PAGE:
Aug 30, 2016 · 7 minute read
I used to be a big shopper. Not really for clothes, but for purses or yarn. Or shoes. Or household organization containers. Or books.
When I had downtime and didn’t know what to do with myself, I’d wander the yarn store, picking up pretty skeins for nebulous projects sometime in the future. If you’ve ever knitted or crocheted, you know that’s a terrible way to buy yarn because you’ll either wind up with too much or too little when you finally figure out what project you’re going to use it for, and so you need to go back to the yarn store to solve that problem, where the vicious cycle repeats itself.
Shopping can be an addiction, a way to fill your time when something is missing from your life.
Lonely? Head to the mall and you’ll be surrounded by hundreds of people all doing the same thing you are. Maybe you’ll even talk to one or two of them.
Nervous for an upcoming job interview? You need a new suit to give you the confidence to nail the interview and the job.
Feeling inadequate? It’s nothing a new dress can’t cure — or so advertisers would have you believe.
We have been sold a myth about all the wonderful things shopping can do – fix our self-esteem, organize the house, win back the girl or guy, make us irresistible and fascinating, give us the tools to do the job even if we lack the skill … the list is a long one. In fact, if shopping really did all the things we expect it to, it would be the miracle drug of the modern world. Tweet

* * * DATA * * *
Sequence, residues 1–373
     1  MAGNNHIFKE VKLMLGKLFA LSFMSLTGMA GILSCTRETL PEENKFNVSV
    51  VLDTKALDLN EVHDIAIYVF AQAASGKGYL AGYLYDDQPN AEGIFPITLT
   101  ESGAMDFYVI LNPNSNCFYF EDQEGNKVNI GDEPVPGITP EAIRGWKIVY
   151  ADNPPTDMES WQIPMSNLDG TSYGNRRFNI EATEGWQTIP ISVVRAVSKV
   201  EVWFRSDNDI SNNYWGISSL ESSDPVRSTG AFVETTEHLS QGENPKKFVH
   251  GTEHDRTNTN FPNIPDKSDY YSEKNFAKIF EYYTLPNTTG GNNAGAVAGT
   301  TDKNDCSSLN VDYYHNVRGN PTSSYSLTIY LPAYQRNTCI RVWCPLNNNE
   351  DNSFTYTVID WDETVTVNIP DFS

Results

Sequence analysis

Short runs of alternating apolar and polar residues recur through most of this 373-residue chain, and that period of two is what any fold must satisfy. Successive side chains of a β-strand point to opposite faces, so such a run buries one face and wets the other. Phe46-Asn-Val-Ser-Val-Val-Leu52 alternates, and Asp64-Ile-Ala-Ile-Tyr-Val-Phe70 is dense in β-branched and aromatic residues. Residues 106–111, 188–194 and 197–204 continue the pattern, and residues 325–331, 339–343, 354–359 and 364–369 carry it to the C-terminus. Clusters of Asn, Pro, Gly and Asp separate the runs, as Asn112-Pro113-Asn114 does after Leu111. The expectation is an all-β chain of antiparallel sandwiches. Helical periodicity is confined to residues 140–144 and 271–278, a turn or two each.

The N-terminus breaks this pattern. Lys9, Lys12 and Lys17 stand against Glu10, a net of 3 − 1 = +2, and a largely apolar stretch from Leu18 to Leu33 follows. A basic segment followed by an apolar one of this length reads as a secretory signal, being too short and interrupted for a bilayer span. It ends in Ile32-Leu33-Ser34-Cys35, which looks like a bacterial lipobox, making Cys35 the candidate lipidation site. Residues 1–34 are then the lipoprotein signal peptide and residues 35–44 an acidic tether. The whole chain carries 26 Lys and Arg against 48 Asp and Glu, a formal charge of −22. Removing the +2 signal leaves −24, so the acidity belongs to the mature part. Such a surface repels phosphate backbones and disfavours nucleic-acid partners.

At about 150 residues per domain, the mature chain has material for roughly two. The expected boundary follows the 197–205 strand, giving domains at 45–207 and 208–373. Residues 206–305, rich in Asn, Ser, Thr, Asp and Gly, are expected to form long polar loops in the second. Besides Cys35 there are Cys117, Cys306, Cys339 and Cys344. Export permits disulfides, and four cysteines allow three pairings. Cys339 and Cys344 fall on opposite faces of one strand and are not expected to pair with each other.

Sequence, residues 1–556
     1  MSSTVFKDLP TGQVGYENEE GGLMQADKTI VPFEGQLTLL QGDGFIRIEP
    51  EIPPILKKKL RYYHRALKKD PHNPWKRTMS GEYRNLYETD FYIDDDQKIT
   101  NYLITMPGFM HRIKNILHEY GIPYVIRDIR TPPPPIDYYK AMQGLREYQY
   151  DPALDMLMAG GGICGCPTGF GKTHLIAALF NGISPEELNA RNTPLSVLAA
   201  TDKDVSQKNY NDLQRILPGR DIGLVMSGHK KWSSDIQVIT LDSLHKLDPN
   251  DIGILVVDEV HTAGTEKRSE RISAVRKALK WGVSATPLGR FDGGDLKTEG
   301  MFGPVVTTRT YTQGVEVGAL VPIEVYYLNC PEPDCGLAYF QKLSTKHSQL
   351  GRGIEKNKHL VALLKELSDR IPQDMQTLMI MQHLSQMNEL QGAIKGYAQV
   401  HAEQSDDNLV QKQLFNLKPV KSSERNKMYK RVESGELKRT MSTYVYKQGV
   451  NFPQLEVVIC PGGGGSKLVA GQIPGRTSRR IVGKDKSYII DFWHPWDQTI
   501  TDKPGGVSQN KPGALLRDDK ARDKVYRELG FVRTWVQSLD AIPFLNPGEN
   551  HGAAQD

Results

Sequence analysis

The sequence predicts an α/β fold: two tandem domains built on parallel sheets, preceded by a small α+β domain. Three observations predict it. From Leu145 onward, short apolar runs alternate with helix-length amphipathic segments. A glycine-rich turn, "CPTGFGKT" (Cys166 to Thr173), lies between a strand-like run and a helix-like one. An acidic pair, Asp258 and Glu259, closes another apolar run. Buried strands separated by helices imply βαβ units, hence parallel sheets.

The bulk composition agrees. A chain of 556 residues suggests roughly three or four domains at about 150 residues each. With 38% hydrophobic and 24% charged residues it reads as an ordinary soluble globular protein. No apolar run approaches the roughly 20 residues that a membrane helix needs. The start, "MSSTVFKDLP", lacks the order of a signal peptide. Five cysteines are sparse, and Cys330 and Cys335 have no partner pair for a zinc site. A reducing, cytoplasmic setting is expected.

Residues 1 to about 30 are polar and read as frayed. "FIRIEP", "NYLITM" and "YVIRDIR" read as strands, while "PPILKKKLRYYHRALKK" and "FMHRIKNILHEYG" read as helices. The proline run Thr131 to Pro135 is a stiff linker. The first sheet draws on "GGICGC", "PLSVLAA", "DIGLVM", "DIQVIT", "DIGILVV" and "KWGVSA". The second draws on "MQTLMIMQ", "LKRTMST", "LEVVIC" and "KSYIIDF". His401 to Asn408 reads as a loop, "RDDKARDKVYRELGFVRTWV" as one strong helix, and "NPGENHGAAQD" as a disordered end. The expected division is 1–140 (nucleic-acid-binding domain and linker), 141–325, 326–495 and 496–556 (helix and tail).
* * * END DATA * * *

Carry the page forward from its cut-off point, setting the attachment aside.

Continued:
Instead, it’s the great sedative of the modern world, taking our minds off our problems while giving us a false sense of having fixed them without doing any real, difficult work. Why engage in the hard task of addressing your inner self-esteem issues when you have new shoes that you know will get you compliments Monday at work? Isn’t that just as good as a well-developed sense of inner self worth?
It’s not the same, because the high wears off. Sure, buy the shoes on Saturday, wear them on Monday and get a few compliments. A couple of days later, no one will notice your fancy new shoes, and you’ll feel just like you did before. You can keep buying new shoes every week for the rest of your life, or you can actually work on yourself, so that you don’t need new shoes or new anything to make yourself feel valuable.
I learned this not with clothes, but with household items like containers for organization. I would buy containers, furiously organize the house, brag about my accomplishment and then a couple of weeks later, realize my “system” wasn’t doing anything to keep piles of stuff off every available surface and that no one cared about my home organization. What’s worse is that I would then drag my daughter back to the home goods store, spend a couple of hours devising a new “system,” then drag her back home where she sat, waiting for me to finish implementing this new “system” so we could play.
No, I’m not proud of this. In fact, I’m ashamed. I mean, I know kids have to help around the house and be part of the chores we all do, but this was going too far. My daughter clearly hated shopping, and I knew it because she told me each time we headed out to the store. I know I’m not her entertainment, but as she gets older, our time together will get more limited. Right now, while we can, we should be having fun. Finally, after so long, it hit me:
We need to stop shopping to have time for the things we love. Tweet